John Nelson’s comments come before Lloyd’s of London’s impending announcement of its preferred location for an EU subsidiary post‑Brexit.
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“If you go back in history and talk to some of the people who’ve been working here – I’ve only been working here for six years – for 40 years, they’d regard this as probably a bit of a walk in the park compared to a few years ago when Lloyd’s very nearly went bust, when it was almost out of business for reputational reasons,” he said.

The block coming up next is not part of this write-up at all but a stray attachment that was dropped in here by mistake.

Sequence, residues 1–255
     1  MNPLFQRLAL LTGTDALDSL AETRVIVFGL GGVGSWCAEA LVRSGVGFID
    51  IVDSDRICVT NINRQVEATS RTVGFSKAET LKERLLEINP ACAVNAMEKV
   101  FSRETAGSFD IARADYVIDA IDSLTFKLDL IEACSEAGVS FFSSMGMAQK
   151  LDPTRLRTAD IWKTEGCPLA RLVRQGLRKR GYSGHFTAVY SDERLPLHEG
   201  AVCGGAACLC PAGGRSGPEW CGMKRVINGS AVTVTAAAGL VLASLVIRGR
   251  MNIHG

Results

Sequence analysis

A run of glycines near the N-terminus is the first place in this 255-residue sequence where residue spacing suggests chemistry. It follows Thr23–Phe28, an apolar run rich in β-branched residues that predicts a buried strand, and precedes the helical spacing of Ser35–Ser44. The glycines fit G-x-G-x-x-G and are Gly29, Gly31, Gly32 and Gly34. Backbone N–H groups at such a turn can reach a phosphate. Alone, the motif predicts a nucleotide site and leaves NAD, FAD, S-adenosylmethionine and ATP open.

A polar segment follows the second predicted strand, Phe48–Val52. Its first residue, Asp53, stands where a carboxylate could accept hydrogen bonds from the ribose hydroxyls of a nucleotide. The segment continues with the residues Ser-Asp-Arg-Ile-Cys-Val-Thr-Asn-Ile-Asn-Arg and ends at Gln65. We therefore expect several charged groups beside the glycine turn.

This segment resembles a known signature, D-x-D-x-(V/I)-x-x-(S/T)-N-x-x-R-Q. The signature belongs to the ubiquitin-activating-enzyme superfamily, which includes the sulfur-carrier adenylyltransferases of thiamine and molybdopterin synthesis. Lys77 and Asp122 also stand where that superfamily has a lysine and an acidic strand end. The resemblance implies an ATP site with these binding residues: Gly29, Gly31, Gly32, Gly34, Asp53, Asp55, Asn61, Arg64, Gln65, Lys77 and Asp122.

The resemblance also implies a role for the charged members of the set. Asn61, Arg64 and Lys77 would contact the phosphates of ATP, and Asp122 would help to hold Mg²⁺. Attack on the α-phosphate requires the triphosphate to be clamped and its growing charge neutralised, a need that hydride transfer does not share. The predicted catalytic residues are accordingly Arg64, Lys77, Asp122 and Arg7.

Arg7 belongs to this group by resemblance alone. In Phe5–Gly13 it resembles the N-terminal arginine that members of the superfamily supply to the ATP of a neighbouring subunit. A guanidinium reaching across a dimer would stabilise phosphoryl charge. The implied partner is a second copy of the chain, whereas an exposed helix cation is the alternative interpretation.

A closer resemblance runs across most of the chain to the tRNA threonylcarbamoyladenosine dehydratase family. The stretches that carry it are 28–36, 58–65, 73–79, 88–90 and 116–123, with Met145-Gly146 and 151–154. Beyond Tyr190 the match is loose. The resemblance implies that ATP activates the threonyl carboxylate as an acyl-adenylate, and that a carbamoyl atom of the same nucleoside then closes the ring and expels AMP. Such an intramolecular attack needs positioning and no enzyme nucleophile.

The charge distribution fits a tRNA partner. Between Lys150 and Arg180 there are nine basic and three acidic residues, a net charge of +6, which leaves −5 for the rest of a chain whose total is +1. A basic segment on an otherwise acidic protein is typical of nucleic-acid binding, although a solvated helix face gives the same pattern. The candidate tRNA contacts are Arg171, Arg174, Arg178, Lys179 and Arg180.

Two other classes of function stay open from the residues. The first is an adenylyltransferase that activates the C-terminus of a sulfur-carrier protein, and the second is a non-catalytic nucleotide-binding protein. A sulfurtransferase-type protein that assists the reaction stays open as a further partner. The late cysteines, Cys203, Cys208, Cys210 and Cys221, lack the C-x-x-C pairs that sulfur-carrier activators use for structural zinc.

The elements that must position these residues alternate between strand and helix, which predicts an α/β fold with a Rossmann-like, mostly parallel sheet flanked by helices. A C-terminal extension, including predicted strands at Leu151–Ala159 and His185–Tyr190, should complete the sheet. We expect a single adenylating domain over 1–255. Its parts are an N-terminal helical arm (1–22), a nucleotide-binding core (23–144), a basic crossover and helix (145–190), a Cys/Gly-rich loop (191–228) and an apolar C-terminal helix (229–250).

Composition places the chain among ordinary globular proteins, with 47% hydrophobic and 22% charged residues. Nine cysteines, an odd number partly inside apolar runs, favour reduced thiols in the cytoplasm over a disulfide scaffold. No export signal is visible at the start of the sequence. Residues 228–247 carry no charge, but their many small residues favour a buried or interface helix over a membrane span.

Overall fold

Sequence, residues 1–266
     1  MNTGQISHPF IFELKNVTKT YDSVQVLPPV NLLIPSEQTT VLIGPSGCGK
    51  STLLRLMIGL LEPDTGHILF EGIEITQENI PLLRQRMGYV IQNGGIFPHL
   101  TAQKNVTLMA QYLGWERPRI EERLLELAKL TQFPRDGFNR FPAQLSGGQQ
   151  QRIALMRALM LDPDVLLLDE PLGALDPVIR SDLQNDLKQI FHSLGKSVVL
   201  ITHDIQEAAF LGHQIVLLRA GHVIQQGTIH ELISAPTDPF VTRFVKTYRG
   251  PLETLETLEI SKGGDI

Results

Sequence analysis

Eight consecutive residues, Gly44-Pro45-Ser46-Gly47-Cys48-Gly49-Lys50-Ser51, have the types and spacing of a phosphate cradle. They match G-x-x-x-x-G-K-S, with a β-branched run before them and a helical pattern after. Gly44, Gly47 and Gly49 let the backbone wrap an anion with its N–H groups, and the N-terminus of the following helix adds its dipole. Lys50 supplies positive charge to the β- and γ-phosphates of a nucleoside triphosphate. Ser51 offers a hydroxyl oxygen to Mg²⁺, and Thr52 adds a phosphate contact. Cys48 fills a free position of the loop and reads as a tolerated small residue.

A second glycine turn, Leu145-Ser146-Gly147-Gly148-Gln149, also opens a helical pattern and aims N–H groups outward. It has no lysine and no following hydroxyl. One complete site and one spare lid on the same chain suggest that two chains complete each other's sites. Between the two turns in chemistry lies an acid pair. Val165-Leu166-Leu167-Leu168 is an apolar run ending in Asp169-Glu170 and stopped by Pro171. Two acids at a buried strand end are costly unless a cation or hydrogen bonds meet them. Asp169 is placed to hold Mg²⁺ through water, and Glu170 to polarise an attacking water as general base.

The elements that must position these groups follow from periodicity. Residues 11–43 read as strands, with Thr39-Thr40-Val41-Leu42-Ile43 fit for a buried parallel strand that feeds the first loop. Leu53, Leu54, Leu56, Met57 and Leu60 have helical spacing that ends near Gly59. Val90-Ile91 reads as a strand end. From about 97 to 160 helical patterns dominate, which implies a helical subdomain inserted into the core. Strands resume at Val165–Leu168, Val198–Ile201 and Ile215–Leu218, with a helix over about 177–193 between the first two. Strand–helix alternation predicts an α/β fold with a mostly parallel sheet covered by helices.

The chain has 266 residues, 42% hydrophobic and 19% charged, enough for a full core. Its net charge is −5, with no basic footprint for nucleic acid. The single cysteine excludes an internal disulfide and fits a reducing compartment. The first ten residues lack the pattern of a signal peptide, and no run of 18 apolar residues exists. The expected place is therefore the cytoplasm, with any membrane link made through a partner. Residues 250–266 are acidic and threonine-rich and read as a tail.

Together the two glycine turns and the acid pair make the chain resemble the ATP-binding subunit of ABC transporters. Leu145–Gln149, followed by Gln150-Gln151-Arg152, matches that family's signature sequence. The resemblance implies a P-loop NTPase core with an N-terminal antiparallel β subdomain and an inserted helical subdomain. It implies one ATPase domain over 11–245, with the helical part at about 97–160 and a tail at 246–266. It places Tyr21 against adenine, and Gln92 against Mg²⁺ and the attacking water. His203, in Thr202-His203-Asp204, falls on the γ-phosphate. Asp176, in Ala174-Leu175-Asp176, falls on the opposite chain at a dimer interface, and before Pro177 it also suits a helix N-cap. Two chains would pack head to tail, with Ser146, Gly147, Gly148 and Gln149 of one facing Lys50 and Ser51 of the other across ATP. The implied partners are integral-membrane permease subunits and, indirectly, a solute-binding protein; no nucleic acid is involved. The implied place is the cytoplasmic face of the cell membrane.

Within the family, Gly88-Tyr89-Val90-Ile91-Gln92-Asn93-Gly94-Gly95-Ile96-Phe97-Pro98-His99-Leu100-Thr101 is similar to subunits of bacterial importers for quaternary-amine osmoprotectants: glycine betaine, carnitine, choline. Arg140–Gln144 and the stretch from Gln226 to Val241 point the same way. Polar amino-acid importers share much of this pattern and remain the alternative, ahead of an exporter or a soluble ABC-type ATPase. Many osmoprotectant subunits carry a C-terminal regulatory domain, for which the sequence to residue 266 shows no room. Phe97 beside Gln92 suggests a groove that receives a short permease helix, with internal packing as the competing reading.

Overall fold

Lloyd’s amassed losses of £14 billion between 1988 and 1992 through a mixture of asbestos claims and a series of catastrophes.
The latter included the Piper Alpha oil rig disaster off the coast of Aberdeen, which killed 167 workers on 6 July, 1988. Only a major rescue plan rescued the market, but many hundreds of Names – wealthy individuals who provided capital to Lloyd’s in hopes of returns on their investment under terms of unlimited liability – suffered major losses.
Nelson said that Britain’s pending divorce from the EU was clearly a serious issue, but that Lloyd’s was now in a much stronger position to deal with the related fallout.
He added that a firm decision had yet to be made on the EU domicile of its new subsidiary, but that “there’s still more than one country in the frame”.